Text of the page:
Afie Jurvanen, also known as Bahamas, has previously worked with such highly-respected and beloved artists as Feist, Jason Collett (of Broken Social Scene), and Amy Millan (of Stars) before releasing his last album, Pink Strat.
Pink Strat was originally released in Canada in 2009 and landed in the US the following year. The album went on to be nominated for the 2010 Polaris Prize for Best Canadian Album of the Year. Based on the strength of Pink Strat, Bahamas was selected by such bands as Wilco, Elvis Costello, Calexico, The Weakerthans, and Sam Roberts to serve as their opening act on their tours.
You can read my previous interview with Mr. Jurvanen regarding Pink Strat here: http://www.uprootedmusicrevue.com/2011/06/bahamas-afie-jurvanen-talks-pink-strat.html
This week Bahamas released Barchords, a record that will no doubt continue to build more momentum, gain more praise, and attract more listeners to the rewards of Mr. Jurvanen's songwriting. I recently had the opportunity to speak with the artist a couple of weeks ago for a quick Q and A regarding the release of his new record.
Can you discuss how and when you began first working on the material that would become Barchords, specifically, your transition from the Pink Strat album and tour to beginning work on the new material?
Afie Jurvanen: Well, Pink Strat was already available in Canada for some time when it was re-released in the US. Then we toured again in support of it. We actually recorded Barchords a long time ago, but had to wait until now to release it. I'm really excited to finally get the record out and start touring again.
Did you have a preconceived direction for the "kind of album" you wanted to make when you began writing material for Barchords, or was it more of an intuitive, song-by-song basis?
Afie: I've always written songs in the same way. I just try and be as direct as possible, both lyrically and melodically. I knew I wanted a more fully realized recording, as my first record was basically a live record. The songs cover a lot of different ground stylistically, but I think lyrically they're all born of the same place.
What were some of your influences/ sources of inspiration when working on the new material?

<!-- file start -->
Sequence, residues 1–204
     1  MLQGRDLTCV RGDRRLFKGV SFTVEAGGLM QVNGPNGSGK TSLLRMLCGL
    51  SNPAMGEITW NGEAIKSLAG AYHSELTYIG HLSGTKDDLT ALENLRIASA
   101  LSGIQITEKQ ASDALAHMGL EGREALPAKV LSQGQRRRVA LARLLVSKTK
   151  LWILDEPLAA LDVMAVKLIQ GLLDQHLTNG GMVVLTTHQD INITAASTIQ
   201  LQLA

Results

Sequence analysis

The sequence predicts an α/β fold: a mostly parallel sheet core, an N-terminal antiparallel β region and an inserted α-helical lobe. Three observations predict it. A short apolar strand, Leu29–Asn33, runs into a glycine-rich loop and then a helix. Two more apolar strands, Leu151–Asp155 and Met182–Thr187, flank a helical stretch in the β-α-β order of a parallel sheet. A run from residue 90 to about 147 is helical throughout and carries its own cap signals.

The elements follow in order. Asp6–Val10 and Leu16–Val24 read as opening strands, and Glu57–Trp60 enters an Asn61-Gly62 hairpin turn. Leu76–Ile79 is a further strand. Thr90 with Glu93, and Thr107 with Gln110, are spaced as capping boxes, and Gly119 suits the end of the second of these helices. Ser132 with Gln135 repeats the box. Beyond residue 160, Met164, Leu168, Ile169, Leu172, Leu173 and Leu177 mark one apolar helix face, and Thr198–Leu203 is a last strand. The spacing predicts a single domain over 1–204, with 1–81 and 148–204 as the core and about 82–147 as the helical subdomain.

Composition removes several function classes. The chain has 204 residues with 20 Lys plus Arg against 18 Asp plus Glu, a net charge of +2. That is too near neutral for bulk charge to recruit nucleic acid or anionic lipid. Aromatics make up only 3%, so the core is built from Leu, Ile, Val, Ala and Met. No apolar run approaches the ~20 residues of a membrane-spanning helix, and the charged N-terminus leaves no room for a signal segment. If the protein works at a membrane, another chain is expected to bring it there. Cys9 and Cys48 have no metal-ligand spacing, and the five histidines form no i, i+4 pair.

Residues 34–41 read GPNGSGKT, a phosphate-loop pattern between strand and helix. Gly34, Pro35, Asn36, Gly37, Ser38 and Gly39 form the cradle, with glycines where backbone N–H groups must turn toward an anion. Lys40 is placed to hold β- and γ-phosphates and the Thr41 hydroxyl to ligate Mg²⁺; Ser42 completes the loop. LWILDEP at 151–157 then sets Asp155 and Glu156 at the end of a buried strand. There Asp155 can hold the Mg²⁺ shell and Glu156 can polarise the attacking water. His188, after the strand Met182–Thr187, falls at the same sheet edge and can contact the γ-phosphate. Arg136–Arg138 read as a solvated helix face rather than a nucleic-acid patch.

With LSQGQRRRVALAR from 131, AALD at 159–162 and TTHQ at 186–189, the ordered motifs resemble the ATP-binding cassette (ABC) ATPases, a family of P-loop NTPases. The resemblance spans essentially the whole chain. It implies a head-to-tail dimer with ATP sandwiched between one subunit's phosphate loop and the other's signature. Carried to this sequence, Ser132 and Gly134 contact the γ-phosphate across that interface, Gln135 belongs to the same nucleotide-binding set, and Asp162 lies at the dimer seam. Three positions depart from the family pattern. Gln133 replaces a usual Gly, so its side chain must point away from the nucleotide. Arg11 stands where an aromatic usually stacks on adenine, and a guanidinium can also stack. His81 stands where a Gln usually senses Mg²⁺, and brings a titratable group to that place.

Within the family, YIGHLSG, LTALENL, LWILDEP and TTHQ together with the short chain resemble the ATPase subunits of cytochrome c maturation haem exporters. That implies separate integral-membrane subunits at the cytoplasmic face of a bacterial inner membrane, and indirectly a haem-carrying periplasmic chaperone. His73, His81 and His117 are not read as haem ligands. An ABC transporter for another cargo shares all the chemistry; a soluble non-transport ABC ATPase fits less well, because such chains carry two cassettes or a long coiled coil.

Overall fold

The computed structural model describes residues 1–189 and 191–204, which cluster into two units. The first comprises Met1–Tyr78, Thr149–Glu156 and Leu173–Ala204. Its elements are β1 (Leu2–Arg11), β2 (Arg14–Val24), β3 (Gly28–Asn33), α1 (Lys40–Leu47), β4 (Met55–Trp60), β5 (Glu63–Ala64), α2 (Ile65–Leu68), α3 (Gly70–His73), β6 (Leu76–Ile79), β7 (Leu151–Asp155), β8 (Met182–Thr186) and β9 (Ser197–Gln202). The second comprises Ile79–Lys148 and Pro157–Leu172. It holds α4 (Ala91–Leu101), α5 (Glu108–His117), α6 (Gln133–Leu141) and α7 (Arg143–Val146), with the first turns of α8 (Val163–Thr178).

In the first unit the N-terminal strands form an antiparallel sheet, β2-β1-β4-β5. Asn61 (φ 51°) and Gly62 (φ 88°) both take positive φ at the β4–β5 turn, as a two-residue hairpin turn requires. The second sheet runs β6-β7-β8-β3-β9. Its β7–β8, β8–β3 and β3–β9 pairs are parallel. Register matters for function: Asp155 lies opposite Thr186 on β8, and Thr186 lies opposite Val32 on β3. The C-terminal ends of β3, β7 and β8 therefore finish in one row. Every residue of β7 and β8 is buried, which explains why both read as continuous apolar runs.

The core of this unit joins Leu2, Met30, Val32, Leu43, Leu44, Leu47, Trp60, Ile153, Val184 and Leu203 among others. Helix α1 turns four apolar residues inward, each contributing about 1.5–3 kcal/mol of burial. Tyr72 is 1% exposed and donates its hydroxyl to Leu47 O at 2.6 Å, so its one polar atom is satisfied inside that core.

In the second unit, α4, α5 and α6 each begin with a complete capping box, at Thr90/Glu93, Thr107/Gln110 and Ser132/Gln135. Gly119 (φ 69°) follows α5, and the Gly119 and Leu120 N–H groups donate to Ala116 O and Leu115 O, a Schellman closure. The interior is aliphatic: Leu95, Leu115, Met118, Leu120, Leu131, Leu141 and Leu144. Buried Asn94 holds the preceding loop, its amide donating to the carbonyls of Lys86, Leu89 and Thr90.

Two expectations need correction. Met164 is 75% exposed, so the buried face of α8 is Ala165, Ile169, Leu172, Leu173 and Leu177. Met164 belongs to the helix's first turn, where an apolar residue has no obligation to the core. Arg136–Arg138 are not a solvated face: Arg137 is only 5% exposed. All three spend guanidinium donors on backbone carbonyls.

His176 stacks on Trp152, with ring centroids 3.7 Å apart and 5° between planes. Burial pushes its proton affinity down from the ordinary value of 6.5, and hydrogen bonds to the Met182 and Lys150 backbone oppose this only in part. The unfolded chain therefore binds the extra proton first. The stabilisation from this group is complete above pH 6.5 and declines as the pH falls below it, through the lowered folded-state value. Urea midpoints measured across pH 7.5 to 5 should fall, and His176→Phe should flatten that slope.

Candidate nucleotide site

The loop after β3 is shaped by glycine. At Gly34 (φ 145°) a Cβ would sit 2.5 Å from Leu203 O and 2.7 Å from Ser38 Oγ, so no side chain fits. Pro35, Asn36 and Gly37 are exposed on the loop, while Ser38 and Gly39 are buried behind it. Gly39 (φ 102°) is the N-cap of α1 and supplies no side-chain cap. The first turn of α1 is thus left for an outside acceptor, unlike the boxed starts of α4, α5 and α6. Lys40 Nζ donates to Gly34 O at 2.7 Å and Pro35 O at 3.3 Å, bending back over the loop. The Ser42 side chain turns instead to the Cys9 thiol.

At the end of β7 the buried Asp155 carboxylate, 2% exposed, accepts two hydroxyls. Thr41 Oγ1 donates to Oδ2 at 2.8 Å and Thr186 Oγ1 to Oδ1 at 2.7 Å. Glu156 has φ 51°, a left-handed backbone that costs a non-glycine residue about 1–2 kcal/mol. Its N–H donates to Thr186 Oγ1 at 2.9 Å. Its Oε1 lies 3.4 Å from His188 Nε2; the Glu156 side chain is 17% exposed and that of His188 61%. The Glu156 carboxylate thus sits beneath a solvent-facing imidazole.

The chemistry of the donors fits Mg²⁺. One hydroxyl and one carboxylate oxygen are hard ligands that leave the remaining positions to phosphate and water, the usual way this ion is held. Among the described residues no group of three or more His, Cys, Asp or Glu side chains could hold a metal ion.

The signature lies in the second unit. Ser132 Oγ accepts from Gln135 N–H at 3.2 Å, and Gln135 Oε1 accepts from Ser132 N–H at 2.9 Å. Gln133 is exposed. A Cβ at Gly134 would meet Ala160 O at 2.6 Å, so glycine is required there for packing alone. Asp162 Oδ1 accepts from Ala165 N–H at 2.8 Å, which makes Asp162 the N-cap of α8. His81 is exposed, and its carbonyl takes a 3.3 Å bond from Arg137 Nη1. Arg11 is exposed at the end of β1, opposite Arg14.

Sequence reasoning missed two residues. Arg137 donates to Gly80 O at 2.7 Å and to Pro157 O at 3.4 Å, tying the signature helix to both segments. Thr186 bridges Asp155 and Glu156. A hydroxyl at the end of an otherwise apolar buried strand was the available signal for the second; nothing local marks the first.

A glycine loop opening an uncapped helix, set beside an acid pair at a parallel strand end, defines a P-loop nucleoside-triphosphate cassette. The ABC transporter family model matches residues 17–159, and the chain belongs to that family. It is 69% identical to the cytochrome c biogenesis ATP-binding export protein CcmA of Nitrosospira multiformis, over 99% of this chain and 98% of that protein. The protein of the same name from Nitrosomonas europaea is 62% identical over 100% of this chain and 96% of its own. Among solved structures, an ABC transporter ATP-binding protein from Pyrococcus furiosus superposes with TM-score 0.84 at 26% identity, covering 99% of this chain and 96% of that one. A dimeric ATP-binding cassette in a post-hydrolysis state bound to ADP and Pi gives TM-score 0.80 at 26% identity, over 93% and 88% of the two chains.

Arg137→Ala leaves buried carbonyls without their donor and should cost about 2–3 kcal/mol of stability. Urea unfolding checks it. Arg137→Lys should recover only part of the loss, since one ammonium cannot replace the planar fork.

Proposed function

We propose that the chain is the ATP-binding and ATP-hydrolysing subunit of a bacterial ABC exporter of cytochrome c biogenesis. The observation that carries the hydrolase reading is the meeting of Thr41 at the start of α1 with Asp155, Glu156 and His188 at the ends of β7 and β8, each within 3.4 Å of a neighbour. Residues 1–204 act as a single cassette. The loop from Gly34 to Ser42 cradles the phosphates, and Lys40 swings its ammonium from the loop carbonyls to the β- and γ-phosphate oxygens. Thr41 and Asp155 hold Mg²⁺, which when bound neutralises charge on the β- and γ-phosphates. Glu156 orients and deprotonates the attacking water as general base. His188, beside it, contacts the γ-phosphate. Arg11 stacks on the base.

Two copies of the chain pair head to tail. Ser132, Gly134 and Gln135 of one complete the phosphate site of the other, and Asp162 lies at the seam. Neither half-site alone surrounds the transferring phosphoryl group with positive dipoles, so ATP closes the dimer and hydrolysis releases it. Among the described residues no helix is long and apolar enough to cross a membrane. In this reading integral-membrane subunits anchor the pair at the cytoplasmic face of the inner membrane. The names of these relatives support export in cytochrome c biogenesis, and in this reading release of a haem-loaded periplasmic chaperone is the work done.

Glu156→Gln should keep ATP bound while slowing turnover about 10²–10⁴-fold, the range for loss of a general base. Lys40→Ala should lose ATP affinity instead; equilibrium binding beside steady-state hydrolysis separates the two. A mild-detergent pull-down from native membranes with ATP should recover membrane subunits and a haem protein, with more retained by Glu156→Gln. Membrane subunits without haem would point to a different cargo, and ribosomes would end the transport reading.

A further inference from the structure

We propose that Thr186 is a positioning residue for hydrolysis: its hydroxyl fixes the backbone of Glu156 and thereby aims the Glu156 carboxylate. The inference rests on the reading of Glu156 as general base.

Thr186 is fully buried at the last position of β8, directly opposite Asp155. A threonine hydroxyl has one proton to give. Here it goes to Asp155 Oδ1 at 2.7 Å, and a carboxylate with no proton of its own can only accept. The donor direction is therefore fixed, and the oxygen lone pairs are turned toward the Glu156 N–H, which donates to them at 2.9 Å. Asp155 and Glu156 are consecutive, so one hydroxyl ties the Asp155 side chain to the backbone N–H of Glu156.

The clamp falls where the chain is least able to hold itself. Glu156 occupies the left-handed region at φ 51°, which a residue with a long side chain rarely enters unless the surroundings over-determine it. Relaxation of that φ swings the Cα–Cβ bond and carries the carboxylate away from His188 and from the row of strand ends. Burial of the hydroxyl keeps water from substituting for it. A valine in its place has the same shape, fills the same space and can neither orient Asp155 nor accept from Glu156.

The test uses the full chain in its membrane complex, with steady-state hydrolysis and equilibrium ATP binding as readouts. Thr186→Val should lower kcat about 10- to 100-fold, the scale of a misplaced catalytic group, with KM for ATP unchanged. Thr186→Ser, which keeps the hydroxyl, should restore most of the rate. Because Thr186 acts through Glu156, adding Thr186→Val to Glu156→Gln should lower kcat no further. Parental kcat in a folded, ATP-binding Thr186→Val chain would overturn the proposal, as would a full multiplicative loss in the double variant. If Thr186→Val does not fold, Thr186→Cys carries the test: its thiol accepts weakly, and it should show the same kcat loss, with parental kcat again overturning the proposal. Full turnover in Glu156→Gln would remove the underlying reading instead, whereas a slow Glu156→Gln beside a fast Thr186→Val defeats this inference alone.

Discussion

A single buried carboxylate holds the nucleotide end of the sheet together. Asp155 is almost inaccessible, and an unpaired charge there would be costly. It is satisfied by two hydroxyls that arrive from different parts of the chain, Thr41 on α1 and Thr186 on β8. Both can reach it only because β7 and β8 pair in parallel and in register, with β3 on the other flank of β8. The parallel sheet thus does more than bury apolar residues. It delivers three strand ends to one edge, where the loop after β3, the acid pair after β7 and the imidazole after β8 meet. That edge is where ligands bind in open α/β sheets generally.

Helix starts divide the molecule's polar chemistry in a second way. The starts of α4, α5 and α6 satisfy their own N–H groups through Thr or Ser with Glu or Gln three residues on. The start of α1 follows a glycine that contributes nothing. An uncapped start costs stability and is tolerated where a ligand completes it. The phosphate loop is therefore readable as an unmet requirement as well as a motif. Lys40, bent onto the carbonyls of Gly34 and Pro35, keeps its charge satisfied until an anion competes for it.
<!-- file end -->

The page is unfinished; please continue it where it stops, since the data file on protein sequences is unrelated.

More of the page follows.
Afie: All of my songs come from life experiences. I think the recording was informed heavily by all the touring that we did behind my first record. When I hear Barchords, I hear us playing with more consistency and confidence, and that's probably a product of playing so much together.
I was listening to a lot of Willie Nelson and Neil Young, honestly, the same things I'm always listening to. They may not make direct appearances on the album, but they're definitely there in spirit. I don't want to emulate those recordings, but they are the ones that I go back to, time and time again. It's all about the voice, and in their case, I believe every word.
How would you sum up your songwriting process for the new record?
Afie: I'm constantly writing and we recorded many more songs that didn't make the record. I think it's definitely a continuation of my previous work, but I do feel like these songs are more comfortable in their own musical skin. They felt that much more natural, both to write and to record.
I can't imagine that my process is all that different from most other writers. I work alone. And I work a lot. It generally comes about one of two ways. Either a lyric inspires a melody, or the melody inspires the lyric. For me, it's more often the latter.
Can you talk about the recording process of the new record?
Afie: We recorded in the same place I've done all my recording. At a house in the country, in isolation. Being surrounded by nature is inspiring and calming. That may be a cliche, but it makes more sense to me to have the songs birthed in that environment. I'm sure one day I'll want to go to New York or Los Angeles and work in a big studio, but for now, keeping the process tangible and small has allowed my songs to become bigger than me.
Afie: I played with some really fantastic musicians and friends of mine here in Toronto. Jason Tait played the drums and he has been with me for some time. We did all of our early touring as a duo. Darcy Yates played the Fender bass. I think he's Canada's heaviest bass man, musically and metaphorically.
We didn't discuss the arrangements all that much. Often times I would just start playing and they would follow my lead with the first thing that came to mind. In my experience, those first takes often yield the most immediate and interesting results. Nothing is more exciting to me than people playing on the edge of their seat, people who are really listening.
Although the lyrics deal with dark and often painful subject matter, the recording process was pure fun and excitement. Spending a week with your friends, making music and eating really good food..that's what I'll remember about that time.
Now that Barchords is coming out this week, can you tell listeners how this record adds to your discography and musical experiences overall?
Afie: I think it's a much more realized document of my musical life. Lyrically, it's more to the point and I think that's reflected in the music too.
I want to make a lot of different records during my lifetime and I know I'll be able to stand next to this record years down the road. That's always my barometer for putting anything out into the world: What would 65 year old Afie think of this? If he's not okay with it, chances are no one else is going to hear it..
What's next for you in 2012?
Afie: Lots of touring. SXSW and the US, then Canada, then the UK, and then Australia. That brings me to about summertime and that means festivals too. Folk festivals are big in Canada and it's always nice to see all your pals that have been out touring too.